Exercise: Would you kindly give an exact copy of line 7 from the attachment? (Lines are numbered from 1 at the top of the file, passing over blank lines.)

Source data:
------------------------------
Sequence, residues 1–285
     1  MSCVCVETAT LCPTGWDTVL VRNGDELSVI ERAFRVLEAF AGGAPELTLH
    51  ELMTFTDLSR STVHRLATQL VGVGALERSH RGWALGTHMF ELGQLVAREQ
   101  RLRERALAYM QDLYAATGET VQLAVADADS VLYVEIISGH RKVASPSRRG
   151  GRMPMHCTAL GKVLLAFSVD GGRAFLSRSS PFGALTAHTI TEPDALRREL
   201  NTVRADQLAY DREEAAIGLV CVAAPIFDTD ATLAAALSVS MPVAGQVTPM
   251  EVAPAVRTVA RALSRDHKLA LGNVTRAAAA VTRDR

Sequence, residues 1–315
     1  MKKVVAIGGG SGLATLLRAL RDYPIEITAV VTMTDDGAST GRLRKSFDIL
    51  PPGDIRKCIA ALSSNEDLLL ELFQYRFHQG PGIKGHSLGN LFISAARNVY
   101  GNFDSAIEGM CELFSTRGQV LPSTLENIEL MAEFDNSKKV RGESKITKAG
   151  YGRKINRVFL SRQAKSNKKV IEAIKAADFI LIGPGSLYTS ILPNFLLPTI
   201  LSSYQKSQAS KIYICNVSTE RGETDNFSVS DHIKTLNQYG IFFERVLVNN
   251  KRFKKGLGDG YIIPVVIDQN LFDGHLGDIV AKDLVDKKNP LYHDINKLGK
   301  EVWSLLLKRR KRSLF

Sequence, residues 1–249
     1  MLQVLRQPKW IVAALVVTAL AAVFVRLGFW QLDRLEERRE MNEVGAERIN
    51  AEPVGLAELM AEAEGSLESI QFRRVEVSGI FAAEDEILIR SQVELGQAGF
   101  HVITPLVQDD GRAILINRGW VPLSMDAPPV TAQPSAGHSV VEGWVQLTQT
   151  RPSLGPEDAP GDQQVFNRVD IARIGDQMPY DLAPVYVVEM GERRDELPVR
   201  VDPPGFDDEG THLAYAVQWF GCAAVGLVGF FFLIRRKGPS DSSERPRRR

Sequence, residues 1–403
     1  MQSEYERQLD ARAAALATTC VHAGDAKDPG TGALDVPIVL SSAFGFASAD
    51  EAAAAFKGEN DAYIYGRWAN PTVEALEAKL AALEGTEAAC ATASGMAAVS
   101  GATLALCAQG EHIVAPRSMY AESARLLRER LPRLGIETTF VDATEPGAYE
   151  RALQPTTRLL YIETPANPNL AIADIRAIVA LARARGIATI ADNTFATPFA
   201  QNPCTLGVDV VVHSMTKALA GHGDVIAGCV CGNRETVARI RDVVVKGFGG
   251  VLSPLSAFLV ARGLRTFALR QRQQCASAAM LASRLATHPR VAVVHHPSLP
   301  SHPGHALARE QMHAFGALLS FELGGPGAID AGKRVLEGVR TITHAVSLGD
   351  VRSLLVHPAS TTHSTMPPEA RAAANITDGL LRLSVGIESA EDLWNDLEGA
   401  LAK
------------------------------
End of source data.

   251  EVAPAVRTVA RALSRDHKLA LGNVTRAAAA VTRDR